Chinese firm seeks European trials for Alzheimer’s drug

A newly approved Chinese drug for Alzheimer’s will start clinical trials in Europe and the US next year as the country’s first novel therapy for the incurable disease seeks global legitimacy.

Chinese firm seeks European trials for Alzheimer’s drug

A newly approved Chinese drug for Alzheimer’s will start clinical trials in Europe and the US next year as the country’s first novel therapy for the incurable disease seeks global legitimacy.

Shanghai Green Valley Pharmaceutical plans to recruit around 2,046 patients with mild-to-moderate Alzheimer’s for trials at 200 sites across Europe, North America, and Asia Pacific for 18 months, according to the company’s vice president, Li Jinhe.

The drug, Oligomannate, was granted conditional approval in China last month. It comes in a 150mg capsule and went on sale in the country yesterday.

Patients need to take three capsules twice a day, according to the drug’s package insert. A week’s treatment costs 895 yuan (€114).

Green Valley announced the plans in a press conference in Beijing, nearly two months after making global headlines for saying it got approval from China’s regulator for the first new Alzheimer’s drug in 17 years.

The neurodegenerative disease has baffled global drugmakers, who have invested billions of dollars into more than 190 experimental drugs with little to show for it.

The Shanghai-based firm, unknown outside of China, is facing scepticism that it could have so quickly achieved something that has eluded western pharmaceutical giants for decades.

“It’s totally understandable for our drug to be questioned,” said Green Valley chairman Lyu Songtao. “We are confident because we see clear benefits from patients in the clinical trials.”

The conditional approval requires the drugmaker to conduct further studies on how the drug works and its long-term safety and efficacy.

The company also said it plans to invest $3bn (€2.7bn) in the next 10 years for such investigations — including on global trials — to understand its working mechanism and expand its use in treating diseases such as Parkinson’s and vascular dementia.

In its mission to get its vast patient pool access to top-quality health care, China’s drug regulator has been granting rapid approval to novel, experimental treatments, sometimes faster than its counterparts in the US and Europe. Beijing is also nurturing its biotech sector in China’s quest to become a global leader in medical and scientific research.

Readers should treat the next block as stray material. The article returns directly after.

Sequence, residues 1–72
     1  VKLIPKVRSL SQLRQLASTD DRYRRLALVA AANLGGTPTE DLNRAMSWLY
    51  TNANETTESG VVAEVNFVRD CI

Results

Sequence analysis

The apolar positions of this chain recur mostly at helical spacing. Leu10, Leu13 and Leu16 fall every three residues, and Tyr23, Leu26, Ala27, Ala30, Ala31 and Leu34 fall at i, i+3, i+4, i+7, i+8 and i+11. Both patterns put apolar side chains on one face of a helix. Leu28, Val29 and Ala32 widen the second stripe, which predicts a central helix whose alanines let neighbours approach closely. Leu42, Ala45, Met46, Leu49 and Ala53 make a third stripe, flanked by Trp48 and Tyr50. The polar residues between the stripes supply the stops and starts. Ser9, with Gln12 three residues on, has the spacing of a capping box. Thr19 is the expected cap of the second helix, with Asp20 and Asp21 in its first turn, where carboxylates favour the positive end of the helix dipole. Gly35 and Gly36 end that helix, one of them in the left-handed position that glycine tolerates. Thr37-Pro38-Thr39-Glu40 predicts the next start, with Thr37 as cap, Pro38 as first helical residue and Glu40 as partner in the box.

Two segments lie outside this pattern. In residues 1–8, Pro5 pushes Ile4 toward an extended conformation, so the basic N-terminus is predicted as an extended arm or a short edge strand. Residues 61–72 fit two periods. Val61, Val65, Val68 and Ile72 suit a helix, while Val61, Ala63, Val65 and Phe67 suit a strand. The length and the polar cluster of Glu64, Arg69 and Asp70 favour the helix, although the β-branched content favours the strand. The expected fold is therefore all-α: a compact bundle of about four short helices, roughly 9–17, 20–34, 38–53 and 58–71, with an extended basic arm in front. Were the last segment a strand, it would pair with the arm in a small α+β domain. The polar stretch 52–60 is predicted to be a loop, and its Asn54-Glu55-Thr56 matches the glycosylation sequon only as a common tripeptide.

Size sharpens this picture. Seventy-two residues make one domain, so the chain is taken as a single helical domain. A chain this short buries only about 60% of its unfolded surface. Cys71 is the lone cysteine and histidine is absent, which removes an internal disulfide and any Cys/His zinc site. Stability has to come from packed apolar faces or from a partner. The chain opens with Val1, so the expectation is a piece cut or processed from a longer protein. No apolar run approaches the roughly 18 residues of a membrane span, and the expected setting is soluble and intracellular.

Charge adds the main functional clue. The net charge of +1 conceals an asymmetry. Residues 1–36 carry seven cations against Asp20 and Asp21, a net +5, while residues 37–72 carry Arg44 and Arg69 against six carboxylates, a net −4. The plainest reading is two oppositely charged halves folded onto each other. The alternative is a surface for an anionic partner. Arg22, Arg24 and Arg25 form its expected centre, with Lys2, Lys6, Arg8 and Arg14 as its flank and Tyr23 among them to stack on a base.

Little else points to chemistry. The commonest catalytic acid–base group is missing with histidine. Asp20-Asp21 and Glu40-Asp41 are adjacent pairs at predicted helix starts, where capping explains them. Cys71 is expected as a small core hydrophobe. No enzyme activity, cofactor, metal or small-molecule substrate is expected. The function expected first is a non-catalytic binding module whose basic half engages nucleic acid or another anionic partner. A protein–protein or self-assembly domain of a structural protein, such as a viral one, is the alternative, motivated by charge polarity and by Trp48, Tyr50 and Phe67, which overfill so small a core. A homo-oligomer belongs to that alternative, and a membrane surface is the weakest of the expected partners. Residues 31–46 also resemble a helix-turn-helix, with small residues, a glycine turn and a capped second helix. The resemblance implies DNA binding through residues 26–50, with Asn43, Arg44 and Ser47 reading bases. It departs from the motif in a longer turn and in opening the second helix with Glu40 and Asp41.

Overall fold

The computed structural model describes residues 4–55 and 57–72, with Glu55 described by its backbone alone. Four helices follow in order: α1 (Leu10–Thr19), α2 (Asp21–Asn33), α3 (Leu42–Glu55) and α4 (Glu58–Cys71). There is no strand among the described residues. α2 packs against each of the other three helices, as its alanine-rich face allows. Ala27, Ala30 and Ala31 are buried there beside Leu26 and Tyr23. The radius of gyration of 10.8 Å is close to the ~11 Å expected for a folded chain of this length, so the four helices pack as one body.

Alzheimer’s affects 10m people in China and 5.8m in the US. Researchers estimate there are 50m people worldwide living with dementia, with Alzheimer’s the cause in as many as 70% of cases — implying a big addressable market for Green Valley if it manages to take the drug global. Drugs that halt thedebilitating disease could be a market worth as much as $30bn in the US alone, according to an estimate by analysts at Sanford C Bernstein.

Global pharmaceutical giants including AstraZeneca, Eli Lilly, and Roche Holding have invested billions of dollars over the years but failed to develop therapies for this disease.

In October, Biogen said it plans to resume abandoned studies of its experimental therapy after new data analysis showed promising results.

Green Valley plans to file an application for clinical trials with the US Food and Drug Administration in February 2020. It also wants to secure the Fast Track designation, said Mr Li.

This tag helps expedite regulatory review of drugs that treat serious conditions or fill an unmet medical need. The company is also exploring partnerships with global drugmakers to speed up clinical trials and help launch the product outside China, he said.

The Green Valley therapy works differently from the approach taken on Alzheimer’s by western drug developers. Oligomannate — the name refers to a type of sugar extracted from brown seaweed — is unusual in that it does not target beta-amyloid, a protein that forms clumps of plaque in the brain, clogging it in patients with Alzheimer’s.

After years of failure, a backlash has grown over drugmakers’ fixation on beta-amyloid as the key to a cure, but major pharmaceutical companies have yet to seriously explore an alternative. Oligomannate seeks to readjust microbiome in the gut, which ultimately leads to reduced neuron inflammation in the brain and slows the progression of the disease, according to the company.

- Bloomberg

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